Good nutrition and healthy eating habits are the building blocks to lifelong wellness. As a loving mum, you offer your little one quality produce and fresh milk, but she may be drawn to unhealthy processed foods and sweets. As your little one begins to assert her independence through her interactions with others, you may notice her taking a stand at the dinner table as well. Dr Pankaj Vohra, MD, insists that good nutritional habits start early. "Teaching your child good eating habits is easiest if you start right from the beginning, as soon as you introduce your baby to solid foods." Dr. Vohra believes that it's never too late for young children to learn better habits, particularly if mealtimes are a struggle.
Teaching your child good eating habits is easiest if you start right from the beginning, as soon as you introduce your baby to solid foods.
Dr Pankaj Vohra MBBS, MD - Pediatrics, All India Institute of Medical Sciences
Your little sprout is growing quickly, and her body needs a wide range of foods that will provide all the nutrients she'll need! Start with just the basics: prepare lean protein such as beef, fish or poultry, dairy foods, fresh vegetables and fruit, and whole-grain breads, pastas and cereals. As long as your sprout is given a balanced variety, she'll get the healthiest start you can provide!
Variety is the spice of life, and it's also the key to preventing boredom at meal times. Toddlers love finger foods, so sweet favourites like berries or sliced bananas are a perfect go-to snack. If you're worried about your kid's fruit and vegetable consumption, try adding nutritious fresh foods to your little one's favourite recipes. For instance, you can puree vegetables and add them to tomato sauce for pasta, or mix grated carrots or courgette into macaroni and cheese for a healthy twist on a toddler favourite.
Food is fun
Between the ages of 9 and 18 months, your little one wants to feed herself, starting with her fingers and then graduating to her spoon and fork. When the food in front of her is colourful, bright and arranged in an appealing design, she'll be more likely to enjoy her meal. Don't be afraid to get creative: food isn't just delicious, it's fun!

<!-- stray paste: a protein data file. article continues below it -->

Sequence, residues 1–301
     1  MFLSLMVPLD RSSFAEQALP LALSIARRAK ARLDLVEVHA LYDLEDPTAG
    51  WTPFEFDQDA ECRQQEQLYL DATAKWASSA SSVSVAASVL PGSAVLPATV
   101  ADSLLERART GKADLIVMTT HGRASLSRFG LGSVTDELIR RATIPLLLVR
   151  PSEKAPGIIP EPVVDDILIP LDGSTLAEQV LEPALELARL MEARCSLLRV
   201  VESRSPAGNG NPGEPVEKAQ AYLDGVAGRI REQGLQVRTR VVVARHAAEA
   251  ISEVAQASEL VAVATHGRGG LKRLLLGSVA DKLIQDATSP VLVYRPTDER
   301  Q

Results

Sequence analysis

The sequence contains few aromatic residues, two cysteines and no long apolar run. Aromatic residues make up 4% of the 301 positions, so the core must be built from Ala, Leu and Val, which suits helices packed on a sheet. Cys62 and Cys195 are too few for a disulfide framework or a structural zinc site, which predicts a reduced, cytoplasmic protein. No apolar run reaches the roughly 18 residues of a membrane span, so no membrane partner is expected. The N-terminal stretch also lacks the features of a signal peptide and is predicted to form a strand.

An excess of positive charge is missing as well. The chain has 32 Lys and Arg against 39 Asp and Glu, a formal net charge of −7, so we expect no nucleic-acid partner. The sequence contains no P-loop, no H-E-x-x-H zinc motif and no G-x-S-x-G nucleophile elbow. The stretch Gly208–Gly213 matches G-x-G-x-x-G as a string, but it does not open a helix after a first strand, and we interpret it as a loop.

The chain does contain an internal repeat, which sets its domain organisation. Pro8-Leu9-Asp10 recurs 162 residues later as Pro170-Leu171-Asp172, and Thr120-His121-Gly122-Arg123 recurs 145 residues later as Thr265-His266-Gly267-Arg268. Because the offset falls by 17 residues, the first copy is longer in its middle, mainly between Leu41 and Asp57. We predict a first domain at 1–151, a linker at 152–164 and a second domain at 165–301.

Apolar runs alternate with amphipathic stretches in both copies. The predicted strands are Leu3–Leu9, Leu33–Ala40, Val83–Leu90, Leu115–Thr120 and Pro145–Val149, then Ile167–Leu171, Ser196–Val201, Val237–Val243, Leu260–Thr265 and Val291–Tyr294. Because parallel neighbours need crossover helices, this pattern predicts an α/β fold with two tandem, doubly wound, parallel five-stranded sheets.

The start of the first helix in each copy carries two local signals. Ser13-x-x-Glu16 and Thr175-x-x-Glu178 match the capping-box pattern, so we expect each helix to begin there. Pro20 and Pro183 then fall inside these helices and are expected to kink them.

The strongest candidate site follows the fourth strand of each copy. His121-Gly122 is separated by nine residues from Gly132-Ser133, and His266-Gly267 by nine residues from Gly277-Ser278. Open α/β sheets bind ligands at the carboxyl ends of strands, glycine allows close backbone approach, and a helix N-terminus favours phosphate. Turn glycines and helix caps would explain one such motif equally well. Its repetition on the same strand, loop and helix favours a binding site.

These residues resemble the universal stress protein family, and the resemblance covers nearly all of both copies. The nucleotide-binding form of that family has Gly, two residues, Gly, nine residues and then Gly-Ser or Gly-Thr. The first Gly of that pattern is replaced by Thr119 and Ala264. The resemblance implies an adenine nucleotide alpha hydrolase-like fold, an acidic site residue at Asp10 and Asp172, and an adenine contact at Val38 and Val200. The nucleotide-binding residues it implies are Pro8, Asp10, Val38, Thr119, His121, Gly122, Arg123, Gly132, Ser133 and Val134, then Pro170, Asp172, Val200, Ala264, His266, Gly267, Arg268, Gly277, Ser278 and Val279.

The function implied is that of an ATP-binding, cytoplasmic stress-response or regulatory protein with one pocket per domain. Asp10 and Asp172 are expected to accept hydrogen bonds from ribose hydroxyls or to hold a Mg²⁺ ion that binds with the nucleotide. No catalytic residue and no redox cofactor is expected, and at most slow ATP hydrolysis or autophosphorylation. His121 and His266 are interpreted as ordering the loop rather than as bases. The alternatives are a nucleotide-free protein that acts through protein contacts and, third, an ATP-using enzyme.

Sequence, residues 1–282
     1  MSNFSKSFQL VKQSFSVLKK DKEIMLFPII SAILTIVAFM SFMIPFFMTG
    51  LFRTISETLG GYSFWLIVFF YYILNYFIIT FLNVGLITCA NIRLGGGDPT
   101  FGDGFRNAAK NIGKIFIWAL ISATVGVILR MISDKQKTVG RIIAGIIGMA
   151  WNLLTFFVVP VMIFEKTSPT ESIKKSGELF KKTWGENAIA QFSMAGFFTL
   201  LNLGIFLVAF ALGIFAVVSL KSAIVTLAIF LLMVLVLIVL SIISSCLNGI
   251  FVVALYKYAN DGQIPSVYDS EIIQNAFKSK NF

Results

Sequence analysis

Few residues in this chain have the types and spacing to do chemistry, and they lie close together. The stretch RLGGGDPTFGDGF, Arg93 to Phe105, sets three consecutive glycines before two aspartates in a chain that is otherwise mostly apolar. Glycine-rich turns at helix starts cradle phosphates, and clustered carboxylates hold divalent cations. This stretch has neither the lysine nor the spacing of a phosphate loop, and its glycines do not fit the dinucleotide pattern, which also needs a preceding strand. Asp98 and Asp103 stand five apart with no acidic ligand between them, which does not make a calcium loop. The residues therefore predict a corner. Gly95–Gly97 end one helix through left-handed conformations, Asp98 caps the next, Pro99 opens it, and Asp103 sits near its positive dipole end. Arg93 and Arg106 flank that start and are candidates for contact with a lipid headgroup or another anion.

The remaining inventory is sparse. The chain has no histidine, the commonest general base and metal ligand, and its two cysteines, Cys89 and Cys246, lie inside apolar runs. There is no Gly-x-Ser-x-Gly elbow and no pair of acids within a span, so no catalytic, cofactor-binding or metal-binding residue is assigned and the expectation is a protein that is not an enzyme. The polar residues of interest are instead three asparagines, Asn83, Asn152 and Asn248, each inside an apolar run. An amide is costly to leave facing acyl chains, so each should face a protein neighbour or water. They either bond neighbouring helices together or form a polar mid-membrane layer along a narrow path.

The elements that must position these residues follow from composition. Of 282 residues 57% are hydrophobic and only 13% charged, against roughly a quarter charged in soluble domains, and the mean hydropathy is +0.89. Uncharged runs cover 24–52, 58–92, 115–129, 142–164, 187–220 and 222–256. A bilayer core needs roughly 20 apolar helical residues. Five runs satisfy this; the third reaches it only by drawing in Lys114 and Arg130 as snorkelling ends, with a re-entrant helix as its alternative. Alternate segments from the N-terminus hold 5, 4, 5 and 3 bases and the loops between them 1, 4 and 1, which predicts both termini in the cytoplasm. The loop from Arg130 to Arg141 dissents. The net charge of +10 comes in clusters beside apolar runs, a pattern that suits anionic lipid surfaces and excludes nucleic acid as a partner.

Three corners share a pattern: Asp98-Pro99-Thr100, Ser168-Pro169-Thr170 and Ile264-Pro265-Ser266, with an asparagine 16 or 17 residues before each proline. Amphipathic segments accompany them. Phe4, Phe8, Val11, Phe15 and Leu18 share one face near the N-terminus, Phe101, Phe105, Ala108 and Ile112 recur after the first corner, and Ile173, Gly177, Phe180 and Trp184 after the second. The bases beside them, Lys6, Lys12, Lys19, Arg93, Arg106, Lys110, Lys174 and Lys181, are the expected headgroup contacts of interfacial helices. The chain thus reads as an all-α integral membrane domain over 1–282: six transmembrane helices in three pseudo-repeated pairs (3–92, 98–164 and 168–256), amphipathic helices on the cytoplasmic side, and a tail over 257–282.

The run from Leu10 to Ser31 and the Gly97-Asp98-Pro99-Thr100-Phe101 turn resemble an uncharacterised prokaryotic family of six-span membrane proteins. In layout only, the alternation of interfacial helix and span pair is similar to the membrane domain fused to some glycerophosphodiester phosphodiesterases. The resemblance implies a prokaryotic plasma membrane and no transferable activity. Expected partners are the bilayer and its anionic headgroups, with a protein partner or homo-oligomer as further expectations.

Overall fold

Toddlers love to play with their food, so why shouldn't you? Practice your skills as a culinary artisan and your wee one will look forward to her meal every time. Try an adorable Welsh rabbit "rarebit," dressed with sugar-snap pea ears and eyes, fruit skewers with your sprout's favourite fresh fruits and yoghurt for dipping, or miniature pizzas made from tortillas, pizza sauce and your child's favourite cheese as a topping.
Set the example
Children learn positive habits from their parents, and your wee one is no exception! If she watches you eating the same healthy foods she is served, she'll be more interested in choosing nutritious items on her own. A family meal at the table gives you the opportunity to set a healthy example for your child.
Eating a meal at the table is a learned skill! Before sitting down, you can set your sprout up for success by turning off the telly and minimising other potential distractions. Your little one may not want to sit still for too long, but that's normal for her age: if she sits long enough to fill her tummy, your mission is accomplished! Praise her for a job well done, and occasionally offer a small portion of a healthy treat, such as frozen yoghurt or fruit.
If your little one turns her nose up at the healthy food on her plate, don't be discouraged! Most toddlers are picky, so she may prefer to eat only those foods familiar to her. It's okay to let her have her favourites occasionally, as long as you're providing a balanced variety of foods. If you introduce a new food and she won't eat it, don't give up: it may take between 10 and 20 tries before your little sprout accepts the new food. Try pairing the new food with an old favourite for optimal success.
Tips and warnings
- Your little one's appetite may fluctuate, particularly if she's in a growth phase or if she's not feeling well. Toddlers often have days when their appetites are lean, but will usually make up the difference over the week. If you're concerned about your child's height or weight, or if you think she's not eating enough, be certain to contact her doctor.
- What To Expect: Toddler eating habits: A few golden rules
- Cleveland Clinic: 5 Do’s and don’ts for teaching kids good eating habits
- Baby Center: How can I teach my child good eating habits?
- Kids Health: Toddlers at the table: Avoiding power struggles
- What To Expect: Healthy meals for toddlers: Sneak in the nutrients
- Parenting: 10 Healthy, kid-friendly finger foods